Oregon daily emerald. (Eugene, Or.) 1920-2012, April 04, 1950, Page 3, Image 3

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(Continued fr.oui page tiro)
about it lor True magazine. He had decided
they are propelled by some sort of atomic
light. For those of you interested in race re
sults, the disks beat the pants off the V-2. At
first they just played around a little in the
slipstream of the rocket, then when they got
tiled of floating along' at 1./00 miles an hour
they cut out the foolishness and headed back
for Mars to make out the morning report.
Even doctors are seeing ’em. In fact, one
doctor got such a good look at one while driv
ing clown a country road he drew a diagram
of it for a wire service. Two airline pilots
nearly collided with one over Arkansas at
night. Their’s was a little fancier than some
of the others. It emitted a sort of bluish light
and the air disturbance it set up rocked the
The prize saucer was the one reputedly
found in Mexico that contained a midget.
1 hey say lie was in pretty bad shape from
the crash. Probably just got his license and
hadn’t been piloting disks very long.
Ritui' at Randam
(Continued from page two)
confined their remarks to the question period.
Mrs. Robeson herself has great personality
and poise, and impressed me with the rapport
she established with the group. Though you
might disagree with her, I think anyone
would have to give credit for the sincerity of
her belief.
Incidently, she is for the Constitution,
Christianity, the Bill of Rights and against
war. Aren’t we all?
University of California Faculty Refuses
To Sign Loyalty Oath Against Communism
“respected and loyal” University
of California faculty members will
quit rather than sign a loyalty oath
demanded by the school’s regents,
a committee of eight professors
said today.
The committee, which said it
represented the faculty, branded
the oath as a “totalitarian tech
nique” that both violated the acad
emic tradition of free inquiry and
threatened a severe deterioration of
the school.
All members of the group em
phasized their opposition to Com
munism but said such a special
oath, not required of other state
employees or elected officials, was
“repugnant to American ideals
and values.”
A move to withdraw the oath
failed to pass Friday when the re
gents voted 10 to 10 on the ques
tion. The Committee said it hoped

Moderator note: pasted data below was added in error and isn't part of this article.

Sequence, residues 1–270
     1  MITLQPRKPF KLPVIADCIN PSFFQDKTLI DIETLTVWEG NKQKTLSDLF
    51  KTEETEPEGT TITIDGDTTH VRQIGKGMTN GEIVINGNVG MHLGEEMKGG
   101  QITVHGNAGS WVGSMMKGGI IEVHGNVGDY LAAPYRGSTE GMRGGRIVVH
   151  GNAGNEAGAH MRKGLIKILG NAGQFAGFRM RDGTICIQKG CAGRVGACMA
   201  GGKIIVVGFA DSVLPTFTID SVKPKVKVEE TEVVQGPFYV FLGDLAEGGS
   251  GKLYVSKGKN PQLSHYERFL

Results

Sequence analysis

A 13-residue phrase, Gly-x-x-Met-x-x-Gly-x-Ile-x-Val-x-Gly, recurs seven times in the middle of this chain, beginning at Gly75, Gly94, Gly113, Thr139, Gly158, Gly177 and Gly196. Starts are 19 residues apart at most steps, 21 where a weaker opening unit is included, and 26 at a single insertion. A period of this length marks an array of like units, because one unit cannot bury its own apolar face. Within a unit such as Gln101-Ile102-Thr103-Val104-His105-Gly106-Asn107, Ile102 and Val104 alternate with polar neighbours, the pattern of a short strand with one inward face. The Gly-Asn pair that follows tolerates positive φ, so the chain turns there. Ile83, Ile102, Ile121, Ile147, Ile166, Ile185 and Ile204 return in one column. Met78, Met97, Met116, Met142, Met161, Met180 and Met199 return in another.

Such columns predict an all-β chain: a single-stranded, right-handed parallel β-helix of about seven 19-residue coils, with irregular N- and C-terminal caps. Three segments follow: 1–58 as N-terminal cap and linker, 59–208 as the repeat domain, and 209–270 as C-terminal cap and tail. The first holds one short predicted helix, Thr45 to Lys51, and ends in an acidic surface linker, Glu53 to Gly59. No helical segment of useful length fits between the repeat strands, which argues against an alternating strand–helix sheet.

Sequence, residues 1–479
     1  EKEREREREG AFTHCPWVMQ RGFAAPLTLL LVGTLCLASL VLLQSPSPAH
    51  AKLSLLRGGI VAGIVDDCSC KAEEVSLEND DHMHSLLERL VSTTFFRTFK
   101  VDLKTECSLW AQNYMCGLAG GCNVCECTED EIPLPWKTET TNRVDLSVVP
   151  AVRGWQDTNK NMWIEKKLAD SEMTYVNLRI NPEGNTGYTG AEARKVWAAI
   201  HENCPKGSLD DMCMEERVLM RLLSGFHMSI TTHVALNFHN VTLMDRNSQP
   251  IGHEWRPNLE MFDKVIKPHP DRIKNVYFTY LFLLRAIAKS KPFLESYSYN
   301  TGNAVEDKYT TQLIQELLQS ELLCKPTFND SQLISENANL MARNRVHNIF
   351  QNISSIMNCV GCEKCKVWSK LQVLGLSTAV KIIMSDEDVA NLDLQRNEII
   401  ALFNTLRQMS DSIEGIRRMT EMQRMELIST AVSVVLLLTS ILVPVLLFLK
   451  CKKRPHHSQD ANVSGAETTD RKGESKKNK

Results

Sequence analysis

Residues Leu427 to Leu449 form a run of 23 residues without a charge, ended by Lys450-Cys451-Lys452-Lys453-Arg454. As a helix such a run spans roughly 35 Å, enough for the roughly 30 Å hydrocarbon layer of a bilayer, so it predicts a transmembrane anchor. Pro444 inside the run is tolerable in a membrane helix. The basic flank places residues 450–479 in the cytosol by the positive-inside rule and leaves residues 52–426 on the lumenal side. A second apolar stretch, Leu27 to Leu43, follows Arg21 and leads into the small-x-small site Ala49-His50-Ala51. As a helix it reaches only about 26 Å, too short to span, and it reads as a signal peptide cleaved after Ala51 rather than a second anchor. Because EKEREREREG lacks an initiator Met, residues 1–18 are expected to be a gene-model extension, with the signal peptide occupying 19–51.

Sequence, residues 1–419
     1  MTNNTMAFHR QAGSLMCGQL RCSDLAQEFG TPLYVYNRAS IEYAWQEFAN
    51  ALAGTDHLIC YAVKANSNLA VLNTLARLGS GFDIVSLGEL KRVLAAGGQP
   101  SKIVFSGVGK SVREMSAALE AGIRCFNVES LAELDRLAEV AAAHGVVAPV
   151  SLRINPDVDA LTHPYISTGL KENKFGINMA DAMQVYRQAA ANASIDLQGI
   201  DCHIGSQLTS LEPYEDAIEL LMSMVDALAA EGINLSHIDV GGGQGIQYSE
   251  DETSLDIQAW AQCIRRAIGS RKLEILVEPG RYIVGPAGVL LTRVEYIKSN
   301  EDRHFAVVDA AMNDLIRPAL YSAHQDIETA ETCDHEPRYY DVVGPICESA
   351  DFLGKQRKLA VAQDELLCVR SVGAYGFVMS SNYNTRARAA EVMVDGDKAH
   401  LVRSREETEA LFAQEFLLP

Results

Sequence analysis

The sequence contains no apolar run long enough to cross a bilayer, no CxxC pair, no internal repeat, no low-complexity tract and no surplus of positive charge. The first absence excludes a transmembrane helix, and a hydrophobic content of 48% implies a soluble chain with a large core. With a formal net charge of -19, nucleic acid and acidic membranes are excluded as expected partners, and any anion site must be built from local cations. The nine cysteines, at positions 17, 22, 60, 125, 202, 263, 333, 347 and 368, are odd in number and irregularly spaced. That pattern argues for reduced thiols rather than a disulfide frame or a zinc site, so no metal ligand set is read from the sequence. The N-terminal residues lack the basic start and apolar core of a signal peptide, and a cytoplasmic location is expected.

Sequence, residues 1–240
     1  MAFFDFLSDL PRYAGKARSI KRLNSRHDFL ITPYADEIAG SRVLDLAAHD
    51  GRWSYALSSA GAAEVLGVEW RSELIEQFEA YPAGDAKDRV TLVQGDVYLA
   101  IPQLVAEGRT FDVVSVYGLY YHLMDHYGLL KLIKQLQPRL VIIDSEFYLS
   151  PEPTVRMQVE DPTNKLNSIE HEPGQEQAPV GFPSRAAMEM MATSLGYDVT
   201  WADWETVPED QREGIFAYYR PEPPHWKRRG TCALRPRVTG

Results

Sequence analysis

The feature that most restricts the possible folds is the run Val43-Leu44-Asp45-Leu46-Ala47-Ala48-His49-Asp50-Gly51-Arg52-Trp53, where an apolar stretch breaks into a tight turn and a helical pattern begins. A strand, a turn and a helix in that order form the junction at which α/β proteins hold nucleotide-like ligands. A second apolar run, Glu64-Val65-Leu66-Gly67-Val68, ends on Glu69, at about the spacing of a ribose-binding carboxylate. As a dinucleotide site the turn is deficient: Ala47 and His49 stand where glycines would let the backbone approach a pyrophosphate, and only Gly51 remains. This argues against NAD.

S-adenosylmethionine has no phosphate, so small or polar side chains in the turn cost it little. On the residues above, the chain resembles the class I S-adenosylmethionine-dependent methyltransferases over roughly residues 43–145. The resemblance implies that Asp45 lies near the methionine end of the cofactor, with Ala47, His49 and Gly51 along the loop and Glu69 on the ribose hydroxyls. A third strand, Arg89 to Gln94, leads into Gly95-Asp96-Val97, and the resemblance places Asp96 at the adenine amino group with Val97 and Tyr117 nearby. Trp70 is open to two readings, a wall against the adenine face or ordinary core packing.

to influence the board to recon
“Respected and loyal faculty
members are making known their
intention to leave,” Chairman
Paul Dodd of the committee said,
“and the filling of vacant positions
is bogging down because first-class
scholars are expressing their dis
inclination to come here under the
special oath.”
Unless faculty members sign
the loyalty affidavit by Apr. 30,
they will be fired.
Graham & Sons
State College,
In State College, Pennsylvania, the
favorite gathering spot of students
at Pennsylvania State College is
Graham & Sons because it is a
cheerful place — full of friendly
collegiate atmosphere. And when
the gang gathers around, ice-cold
Coca-Cola gets the call. For here,
as in college haunts everywhere—
Coke belongs.
Ask for it either way ... both *■
trade-marks mean the same thing.
© 1950, The Coca-Cola Company
Combellack to Travel
F. M. Combellack, professor of
classic languages, will represent
the University at & meeting Friday
of the Classical Association of the
Pacific Coast at Lewis and Clark
High School, Spokane, Wash.
WSSF is governed by the prin
ciple of NEED and NEED alone.
Art Museum Boasts
Two Rulers' Thrones
It would be a distinction for any
museum to have a thorne of one
of the world’s greatest rulers.
Oregon’s Museum of Oriental
Art not only has this distinction
but more—it has two thrones of
Ch'ien Lung, one of China's great
est emperors.
China Expanded
Ch’ien resigned during the great
Manchu dynasty from 1736 to 1796.
In this year, China enjoyed some
of the most prosperous times that
she has seen in centuries. Her
boundaries expanded and so did
her population.
Missionaries to China during the
18th and 19th centuries describe
Ch’ien’s empire as one of the great
est China has ever known.
The reasons for the two thrones
is that they are but a few of those
found in the Peking Summer Pal
ace, where the emperor had a
throne in every room “to making
ruling more comfortable.”
Part of Collection
The two thrones in the local
museum were brought to this coun
try by the late Murray Warner,
husband of Gertrude Bass War
ner. The thrones were only a part
of the collection ,of oriental art
that Mrs. Warner donated to the
campus museum.
Besides being- an able ruler.
Ch'ien had a special devotion for
his sumptous thrones and concu
bines. Of the former, the museum’s
two can attest for beauty and de
sign. For the later, that is history.
He was also a poet, historian, and
One of his greatest acts, one
which affected the entire world,
was his rejection of an English
petition for the establishment of
a trading post in Peking. This act
was of importance in that it closed
China to foreigners for approxi
mately two centuries.
Aid Given In Greece
Purchasing books is almost out
of the question in Greece; three
or four books required for study
ing law or medicine cost twice the
average student's monthly income.
WSSF assists these students with
up-to-date books.
Last year 763 campuses in the
United States participated in
in the market for Beach Clothes,
Swimming Suits or Corn Planters
■ ■
IF you have merchandise
which would appeal to a
Omm daily